From COSMOS US Correspondent
Richard A Lovett
Last year on Christmas Eve, Santa gave planetary scientists a rare gift. A once-in-a-lifetime asteroid smacked into Mars, just in time to be observed, not only from space, but also on the ground.
The Mars asteroid impact was first observed by NASA’s InSight lander, whose seismometer recorded it as a magnitude 4 temblor—one of the larger marsquakes in its 4-year mission to measure the Red Planet’s seismic activity.
InSight’s scientists quickly determined the epicenter of the temblor, but it wasn’t until six weeks later that a different team, working with cameras on NASA’s Mars Reconnaissance Orbiter (MRO) got wind of it took a look at their own data.
What they found startled them. Not only was there a new crater, right at InSight’s projected epicenter, but it was big enough to show up on low-resolution images used to produce daily weather maps of the entire planet: clearly visible on Christmas Day (thank you Santa), and not the day before.
When yet another team zoomed in on it, they found a 150-meter-wide crater with debris scattered tens of kilometers away, suggestive of an impact by an asteroid 5-12 meters in diameter. Such an asteroid would have burned up harmlessly in Earth’s atmosphere, but in the thin Martian air it would have hit with the impact of an atom-bomb burst.
MRO has been in orbit for 16 years, and scientists using it have found numerous newly created craters on Mars. But nothing like this. “It’s huge,” Liliya Posiolova, of Malin Space Science Systems, San Diego, California, said at a 27 October press briefing.
It was also the first time the moment of impact could be constrained that precisely. “Typically, we can do a few years, maybe occasionally down to one year,” Posiolova said.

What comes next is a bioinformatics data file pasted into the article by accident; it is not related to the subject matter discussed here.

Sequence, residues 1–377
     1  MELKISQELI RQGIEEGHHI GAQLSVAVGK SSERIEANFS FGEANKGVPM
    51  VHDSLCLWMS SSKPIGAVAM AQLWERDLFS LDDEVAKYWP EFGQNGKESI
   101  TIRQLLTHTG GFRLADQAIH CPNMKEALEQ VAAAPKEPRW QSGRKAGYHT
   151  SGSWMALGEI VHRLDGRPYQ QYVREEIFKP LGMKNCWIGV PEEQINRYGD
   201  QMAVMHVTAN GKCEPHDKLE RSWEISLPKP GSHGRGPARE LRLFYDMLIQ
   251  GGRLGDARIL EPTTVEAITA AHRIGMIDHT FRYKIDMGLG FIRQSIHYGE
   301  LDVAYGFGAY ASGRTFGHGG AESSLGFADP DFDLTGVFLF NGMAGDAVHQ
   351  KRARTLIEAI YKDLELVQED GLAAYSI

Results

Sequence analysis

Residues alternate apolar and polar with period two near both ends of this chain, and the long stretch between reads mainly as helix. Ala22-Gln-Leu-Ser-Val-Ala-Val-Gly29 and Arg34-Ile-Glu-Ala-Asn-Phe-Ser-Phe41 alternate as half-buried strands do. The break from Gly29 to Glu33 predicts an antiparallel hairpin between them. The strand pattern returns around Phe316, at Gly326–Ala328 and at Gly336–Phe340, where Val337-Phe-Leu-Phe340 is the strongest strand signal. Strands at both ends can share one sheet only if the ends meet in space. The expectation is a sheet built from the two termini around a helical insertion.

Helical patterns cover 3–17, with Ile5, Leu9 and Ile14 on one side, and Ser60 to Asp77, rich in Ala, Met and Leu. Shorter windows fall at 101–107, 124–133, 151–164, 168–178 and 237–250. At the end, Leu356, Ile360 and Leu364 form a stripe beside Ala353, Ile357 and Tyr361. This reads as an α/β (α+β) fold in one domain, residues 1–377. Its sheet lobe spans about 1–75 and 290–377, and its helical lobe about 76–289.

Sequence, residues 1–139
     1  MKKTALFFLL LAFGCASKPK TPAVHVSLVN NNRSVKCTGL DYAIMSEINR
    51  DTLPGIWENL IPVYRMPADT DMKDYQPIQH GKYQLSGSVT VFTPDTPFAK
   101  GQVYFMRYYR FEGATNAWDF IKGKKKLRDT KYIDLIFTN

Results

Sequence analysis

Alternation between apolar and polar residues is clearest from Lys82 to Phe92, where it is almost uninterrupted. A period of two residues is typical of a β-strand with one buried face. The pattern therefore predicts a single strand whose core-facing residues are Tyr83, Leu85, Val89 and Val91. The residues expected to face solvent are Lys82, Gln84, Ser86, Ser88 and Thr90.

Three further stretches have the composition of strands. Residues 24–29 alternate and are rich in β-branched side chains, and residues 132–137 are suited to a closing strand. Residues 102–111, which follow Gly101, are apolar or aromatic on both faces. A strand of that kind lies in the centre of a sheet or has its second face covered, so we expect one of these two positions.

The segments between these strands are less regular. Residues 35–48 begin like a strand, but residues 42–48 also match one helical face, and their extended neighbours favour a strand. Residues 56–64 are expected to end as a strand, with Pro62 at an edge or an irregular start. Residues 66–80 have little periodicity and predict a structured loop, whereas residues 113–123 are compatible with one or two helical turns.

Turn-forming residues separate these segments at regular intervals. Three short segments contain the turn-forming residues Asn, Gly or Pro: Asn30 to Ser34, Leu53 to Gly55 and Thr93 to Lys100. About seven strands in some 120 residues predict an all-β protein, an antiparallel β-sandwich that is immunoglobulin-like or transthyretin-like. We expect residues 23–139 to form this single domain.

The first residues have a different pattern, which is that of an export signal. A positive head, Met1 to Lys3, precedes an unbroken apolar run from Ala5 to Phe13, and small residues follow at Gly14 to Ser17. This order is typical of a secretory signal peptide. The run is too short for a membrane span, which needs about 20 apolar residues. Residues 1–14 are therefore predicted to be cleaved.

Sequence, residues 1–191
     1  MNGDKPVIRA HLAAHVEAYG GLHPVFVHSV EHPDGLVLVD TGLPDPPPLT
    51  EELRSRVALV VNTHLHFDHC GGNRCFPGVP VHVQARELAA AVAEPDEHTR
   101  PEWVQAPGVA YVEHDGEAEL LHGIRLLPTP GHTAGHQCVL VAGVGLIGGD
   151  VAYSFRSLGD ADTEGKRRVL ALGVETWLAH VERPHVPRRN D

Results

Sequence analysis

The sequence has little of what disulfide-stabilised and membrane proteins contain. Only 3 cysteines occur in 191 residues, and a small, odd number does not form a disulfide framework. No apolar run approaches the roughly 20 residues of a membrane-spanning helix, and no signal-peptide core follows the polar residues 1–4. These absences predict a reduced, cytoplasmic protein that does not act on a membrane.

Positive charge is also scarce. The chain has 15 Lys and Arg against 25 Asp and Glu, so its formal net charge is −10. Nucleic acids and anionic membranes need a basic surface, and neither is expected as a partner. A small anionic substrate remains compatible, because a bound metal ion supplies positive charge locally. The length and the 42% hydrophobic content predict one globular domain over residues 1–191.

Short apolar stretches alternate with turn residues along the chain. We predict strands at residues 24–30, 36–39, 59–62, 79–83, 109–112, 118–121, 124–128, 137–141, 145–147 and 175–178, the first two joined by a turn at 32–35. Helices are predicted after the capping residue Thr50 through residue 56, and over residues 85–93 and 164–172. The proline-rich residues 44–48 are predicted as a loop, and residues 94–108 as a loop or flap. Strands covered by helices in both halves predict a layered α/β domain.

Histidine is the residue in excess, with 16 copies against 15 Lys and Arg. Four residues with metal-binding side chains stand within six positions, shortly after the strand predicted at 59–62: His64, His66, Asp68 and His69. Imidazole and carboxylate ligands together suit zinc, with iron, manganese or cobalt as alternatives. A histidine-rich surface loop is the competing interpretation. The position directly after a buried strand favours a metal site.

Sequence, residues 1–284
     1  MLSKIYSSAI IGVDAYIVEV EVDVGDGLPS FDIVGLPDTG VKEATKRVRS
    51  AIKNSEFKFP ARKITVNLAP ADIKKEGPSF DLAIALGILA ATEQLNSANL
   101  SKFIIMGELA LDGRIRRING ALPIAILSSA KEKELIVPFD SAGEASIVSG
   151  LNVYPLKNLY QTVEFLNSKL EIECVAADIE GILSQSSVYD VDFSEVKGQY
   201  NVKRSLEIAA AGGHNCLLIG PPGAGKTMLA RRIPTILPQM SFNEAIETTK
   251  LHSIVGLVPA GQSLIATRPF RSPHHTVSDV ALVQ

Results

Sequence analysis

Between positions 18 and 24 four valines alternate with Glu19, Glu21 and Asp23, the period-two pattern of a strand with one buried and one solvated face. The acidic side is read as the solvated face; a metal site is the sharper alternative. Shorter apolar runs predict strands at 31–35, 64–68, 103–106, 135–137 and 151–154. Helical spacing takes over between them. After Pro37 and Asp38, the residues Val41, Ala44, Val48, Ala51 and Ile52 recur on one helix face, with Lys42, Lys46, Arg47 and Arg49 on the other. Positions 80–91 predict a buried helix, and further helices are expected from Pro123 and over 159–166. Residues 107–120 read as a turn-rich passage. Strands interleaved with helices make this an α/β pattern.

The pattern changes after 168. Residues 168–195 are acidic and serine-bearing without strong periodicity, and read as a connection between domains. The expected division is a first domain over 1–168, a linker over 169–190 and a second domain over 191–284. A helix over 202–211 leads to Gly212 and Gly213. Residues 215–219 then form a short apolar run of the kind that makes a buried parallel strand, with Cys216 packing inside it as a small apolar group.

All of that is exciting enough, but there’s also important science to be learned. Just to start with, says Bruce Banerdt, InSight’s principal investigator, being able to spot the exact location of the impact is invaluable for validating and calibrating his own team’s techniques for locating the source of seismic events. “It turns out they are pretty good,” he told Cosmos.
And it’s not just seismologists who are reaping the benefits. “There is a whole line of research this opens up into the dynamical process of crater formation during impact,” Banerdt said. “We have already been able to start differentiating the energy dispersed into the atmosphere versus that going into heat, fracturing, shaking, ejecta, etc.”
There is also an important practical implication. One of the things the orbiting cameras saw were blocks of ice blown onto the surface from the impact. These had to have come from belowground, and at only 35° from the equator (roughly the equivalent of Sydney) this is the closest to the Martian equator at which ice has ever been observed.
“This is the warmest spot on Mars we’ve ever seen ice,” says Ingrid Daubar, of Brown University, Providence, Rhode Island. “Scientists are going to use this to constrain past climate changes on Mars, when and how this ice was deposited, buried, and preserved.”
Not to mention that similar subsurface ice might be available to future astronauts. “This is really exciting,” says Lori Glaze, director of NASA’s Planetary Science Division. “We know that there’s water ice near the poles on Mars, but in planning for future human exploration, we want to land as near the equator as possible. Having access to ice at these lower latitudes can be really useful.”
Meanwhile, InSight is probably on its last legs. Dust has been collecting on its solar panels, and a giant dust storm has further reduced the amount of solar energy reaching them. Unless a miracle happens soon to blow the dust away, the end is probably near.
“That’s a sad thing to contemplate,” Banerdt says, “but we’ve gone well beyond the intended lifespan. “What we believe is that in somewhere between four and eight weeks we expect the lander to not have enough power to operate.”